The Boy Scouts to set to vote on a resolution today to end its ban on gay youth (Washington Blade photo by Michael Key)
An LGBT group working to end the gay ban for the Boy Scouts of America is striking an optimistic tone on the day leaders are set to vote on a resolution to partially lift it.
Rich Ferraro, vice president of communications for Gay & Lesbian Alliance Against Defamation, said he expects the 1,400 members of the Boy Scouts National Council to approve a measure allowing gay youths to participate.
“I’m confident, especially now that the BSA leadership is behind the resolution,” Ferraro said. “I think it’s because of the stories that BSA voting members and Americans have heard over the past years from moms from Ohio and teenagers from California who shouldn’t be discriminated against.”
The vote is taking place in Grapevine, Texas, during the organization’s 2013 National Annual Meeting. An announcement on the vote is expected around 6 pm. The Washington Blade will provide updates as warranted.
Currently, openly gay people are unable to participate in the Boy Scouts in any capacity. The proposal would alter the policy so gay youths can take part in the organization. Even if the resolution is approved, gay adults would still be unable to serve as scoutmasters.
Ferraro based his optimism on work activists have done to draw attention to the gay ban as well as statements from Boy Scouts’ leadership in opposition to current policy.
Wayne Perry, president of the Boy Scouts of America, called on the organization to approve the resolution in an op-ed in USA Today published on Thursday.
“The BSA’s executive committee unanimously presented this resolution because it stays true to Scouting’s mission and remains focused on kids,” Perry writes. “No matter what your opinion is on this issue, America needs Scouting, and our policies must be based on what is in the best interest of our nation’s children.”
According to GLAAD, thousands of people on both sides of the issue are at the hotel to make their views heard — many of them clad in their Boy Scouts’ uniform.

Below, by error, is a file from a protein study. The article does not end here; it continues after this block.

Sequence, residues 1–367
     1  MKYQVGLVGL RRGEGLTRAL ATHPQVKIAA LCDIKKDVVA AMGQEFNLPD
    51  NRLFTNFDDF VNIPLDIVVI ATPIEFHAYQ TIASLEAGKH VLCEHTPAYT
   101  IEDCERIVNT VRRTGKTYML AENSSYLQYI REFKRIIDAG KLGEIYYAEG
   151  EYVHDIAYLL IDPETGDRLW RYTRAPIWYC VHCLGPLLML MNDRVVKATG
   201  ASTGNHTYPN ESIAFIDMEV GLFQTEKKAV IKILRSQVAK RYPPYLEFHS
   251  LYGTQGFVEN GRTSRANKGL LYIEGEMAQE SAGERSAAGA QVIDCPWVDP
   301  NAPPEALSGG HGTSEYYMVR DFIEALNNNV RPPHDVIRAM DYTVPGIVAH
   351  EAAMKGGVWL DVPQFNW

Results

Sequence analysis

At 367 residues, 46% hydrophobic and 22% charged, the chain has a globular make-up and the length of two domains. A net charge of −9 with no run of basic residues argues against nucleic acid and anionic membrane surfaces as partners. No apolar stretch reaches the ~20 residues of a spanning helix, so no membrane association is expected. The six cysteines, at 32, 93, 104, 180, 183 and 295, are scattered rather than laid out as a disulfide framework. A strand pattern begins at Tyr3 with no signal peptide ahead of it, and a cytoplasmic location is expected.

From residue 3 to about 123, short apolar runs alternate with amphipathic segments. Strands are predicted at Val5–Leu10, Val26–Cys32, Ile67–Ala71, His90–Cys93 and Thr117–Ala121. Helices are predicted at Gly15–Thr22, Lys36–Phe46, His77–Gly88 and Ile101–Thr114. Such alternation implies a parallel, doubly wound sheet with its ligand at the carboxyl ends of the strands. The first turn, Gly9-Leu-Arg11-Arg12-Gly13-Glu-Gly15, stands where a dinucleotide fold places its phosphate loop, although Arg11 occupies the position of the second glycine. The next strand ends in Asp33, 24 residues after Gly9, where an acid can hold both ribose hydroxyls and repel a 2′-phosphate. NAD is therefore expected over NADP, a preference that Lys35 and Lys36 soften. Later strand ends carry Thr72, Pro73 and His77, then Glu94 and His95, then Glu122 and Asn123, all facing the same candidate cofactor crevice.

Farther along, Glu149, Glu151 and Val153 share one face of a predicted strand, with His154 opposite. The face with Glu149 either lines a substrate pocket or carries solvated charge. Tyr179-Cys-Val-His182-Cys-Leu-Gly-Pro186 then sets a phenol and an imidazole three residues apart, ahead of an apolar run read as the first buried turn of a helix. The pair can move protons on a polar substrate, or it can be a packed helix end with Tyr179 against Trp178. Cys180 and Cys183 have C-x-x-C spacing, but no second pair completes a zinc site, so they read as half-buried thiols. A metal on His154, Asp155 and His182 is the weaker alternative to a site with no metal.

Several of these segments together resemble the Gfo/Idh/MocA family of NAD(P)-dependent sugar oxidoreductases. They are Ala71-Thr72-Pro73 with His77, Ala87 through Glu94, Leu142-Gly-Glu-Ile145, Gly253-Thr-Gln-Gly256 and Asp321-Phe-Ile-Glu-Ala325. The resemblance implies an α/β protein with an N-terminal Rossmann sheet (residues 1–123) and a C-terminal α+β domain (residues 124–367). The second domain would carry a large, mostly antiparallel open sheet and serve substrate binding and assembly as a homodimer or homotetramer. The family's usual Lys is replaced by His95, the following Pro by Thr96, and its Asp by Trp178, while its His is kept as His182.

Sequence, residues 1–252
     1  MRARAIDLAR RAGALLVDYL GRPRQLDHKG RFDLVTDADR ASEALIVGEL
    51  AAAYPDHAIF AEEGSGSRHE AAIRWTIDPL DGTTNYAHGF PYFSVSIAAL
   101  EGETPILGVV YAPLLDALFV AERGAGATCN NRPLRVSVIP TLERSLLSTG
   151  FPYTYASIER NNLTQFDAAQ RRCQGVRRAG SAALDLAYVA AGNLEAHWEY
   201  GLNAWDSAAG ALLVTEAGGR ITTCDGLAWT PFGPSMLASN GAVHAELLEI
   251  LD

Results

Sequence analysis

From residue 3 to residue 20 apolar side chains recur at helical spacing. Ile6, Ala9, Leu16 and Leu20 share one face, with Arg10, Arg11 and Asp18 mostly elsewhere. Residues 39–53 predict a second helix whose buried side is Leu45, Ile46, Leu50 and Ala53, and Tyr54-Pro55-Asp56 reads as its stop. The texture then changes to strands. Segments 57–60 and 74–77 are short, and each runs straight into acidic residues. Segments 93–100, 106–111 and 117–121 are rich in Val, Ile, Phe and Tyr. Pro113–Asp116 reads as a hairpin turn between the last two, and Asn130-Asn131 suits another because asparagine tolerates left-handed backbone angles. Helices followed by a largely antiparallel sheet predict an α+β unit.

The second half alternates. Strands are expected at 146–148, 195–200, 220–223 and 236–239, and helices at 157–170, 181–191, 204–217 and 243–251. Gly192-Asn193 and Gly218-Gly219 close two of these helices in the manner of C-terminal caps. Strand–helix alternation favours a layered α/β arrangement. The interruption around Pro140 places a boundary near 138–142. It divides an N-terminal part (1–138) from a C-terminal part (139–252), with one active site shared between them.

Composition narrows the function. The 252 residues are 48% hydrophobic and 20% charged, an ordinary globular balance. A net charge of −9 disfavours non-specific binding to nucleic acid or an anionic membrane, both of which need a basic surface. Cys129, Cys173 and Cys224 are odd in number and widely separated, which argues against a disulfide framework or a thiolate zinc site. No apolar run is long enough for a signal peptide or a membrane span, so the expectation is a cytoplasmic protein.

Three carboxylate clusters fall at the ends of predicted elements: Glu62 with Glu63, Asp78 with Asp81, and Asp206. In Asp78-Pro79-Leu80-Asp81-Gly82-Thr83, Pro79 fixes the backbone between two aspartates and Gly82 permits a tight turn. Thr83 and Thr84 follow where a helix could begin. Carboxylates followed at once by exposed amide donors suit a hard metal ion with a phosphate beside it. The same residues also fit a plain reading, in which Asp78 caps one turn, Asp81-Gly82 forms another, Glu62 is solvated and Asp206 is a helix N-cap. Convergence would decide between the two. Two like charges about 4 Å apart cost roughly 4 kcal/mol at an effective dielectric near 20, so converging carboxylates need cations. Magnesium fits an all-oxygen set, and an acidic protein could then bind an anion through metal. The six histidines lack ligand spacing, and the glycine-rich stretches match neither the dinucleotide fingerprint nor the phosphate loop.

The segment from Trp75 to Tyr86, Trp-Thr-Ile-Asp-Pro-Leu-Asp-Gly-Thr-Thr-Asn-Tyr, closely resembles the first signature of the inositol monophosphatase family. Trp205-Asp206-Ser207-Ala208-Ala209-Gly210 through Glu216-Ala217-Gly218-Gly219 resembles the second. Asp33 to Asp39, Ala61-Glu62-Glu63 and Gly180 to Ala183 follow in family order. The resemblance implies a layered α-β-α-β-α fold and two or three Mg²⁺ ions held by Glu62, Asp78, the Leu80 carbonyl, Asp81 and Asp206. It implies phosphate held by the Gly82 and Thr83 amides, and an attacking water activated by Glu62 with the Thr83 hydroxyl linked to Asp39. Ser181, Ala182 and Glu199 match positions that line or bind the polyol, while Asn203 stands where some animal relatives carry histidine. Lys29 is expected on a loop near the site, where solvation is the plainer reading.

“I think it shows just what I’ve seen over the past year running this campaign how dedicated people are to the institution of scouting,” Ferraro said. “The message that we’re trying to send is that including gay adults and gay teenagers will only strengthen the institution of scouting.”
Members of Congress have also weighed in. Reps. Adam Schiff (D-Calif.) and Henry Waxman (D-Calif.), along with 20 other House members, delivered to the Boy Scouts earlier this week a letter asking the group to change its policy.
“Today, BSA has a policy that excludes gay Scouts and Scout leaders from participating,” the letter states. “This is counter to BSA’s mission to teach our youth to combat discrimination. … We strongly urge the BSA to pass the proposed resolution to end discrimination against gay youth. Furthermore, we believe that BSA should implement a full non-discrimination policy.”
Zach Wahls, a 21-year-old activist and Eagle Scout, said the time is right for the Boy Scouts to change during an event in Grapevine called the Equal Scouting Summit.
“It is clear that if Scouting is not willing to move forward on this issue, it will be left behind by an America that supports our LGBT friends, neighbors, family members and even our fellow Scouts who made it through the program,” Wahls said. “America needs the values that Scouting has to offer now more than ever, and we cannot afford to lose this great cultural icon.”
In February, President Obama voiced support during an interview that aired before the Super Bowl for lifting the gay ban in the Boy Scouts.
But anti-gay groups are also at work to urge the Boy Scouts to keep the ban on gay youth in place. On Thursday, the Family Research Council ran a half-page advertisement in the Dallas Morning News. The ad identifies five reasons to support the current policy, including saying the change “forces all scouting units to accept openly gay youth.”
Rep. Jim Bridenstine (R-Okla.), a freshman U.S. House member, took to the House floor this week to criticize what he called the “intolerant left” for efforts such as repealing the gay ban in the Boy Scouts.
“The left’s agenda is not about tolerance, and it’s not about diversity of thought,” Bridenstine said. “It’s about presenting a worldview of relativism, where there is no right and wrong, then using the full force of the government to silence opposition and reshape organizations like the Boy Scouts into instruments for social change.”
Bridenstine concluded,”To my friends on the left, this is not tolerance. But here’s the good news about true tolerance: the most tolerant one of all has the ability to redeem us all.”
But Ferraro dismissed efforts from anti-gay groups, saying they won’t have significant impact and are only an effort to spread hate against LGBT people.
“People like Tony Perkins and the FRC are continuing to paint themselves not as scouting supporters, but as anti-gay activists, and that’s going to make the difference,” Ferraro said. “Their messages are clouded by anti-gay hate, especially when you consider faith leaders and so many officials in the BSA pushing for change.”